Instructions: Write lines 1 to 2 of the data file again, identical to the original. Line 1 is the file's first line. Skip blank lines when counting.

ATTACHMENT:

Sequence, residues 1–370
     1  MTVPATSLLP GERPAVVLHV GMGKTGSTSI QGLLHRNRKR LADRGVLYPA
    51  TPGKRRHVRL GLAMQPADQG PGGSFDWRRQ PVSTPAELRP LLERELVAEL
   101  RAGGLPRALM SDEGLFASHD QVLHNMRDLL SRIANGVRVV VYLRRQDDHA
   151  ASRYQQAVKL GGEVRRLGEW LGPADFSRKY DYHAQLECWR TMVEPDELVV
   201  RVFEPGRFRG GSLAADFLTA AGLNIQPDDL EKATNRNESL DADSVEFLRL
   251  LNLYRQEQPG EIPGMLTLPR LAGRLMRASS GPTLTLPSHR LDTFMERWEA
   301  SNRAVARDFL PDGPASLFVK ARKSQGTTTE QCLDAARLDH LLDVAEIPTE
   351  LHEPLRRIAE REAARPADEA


Sequence, residues 1–370
     1  MTVPATSLLP GERPAVVLHV GMGKTGSTSI QGLLHRNRKR LADRGVLYPA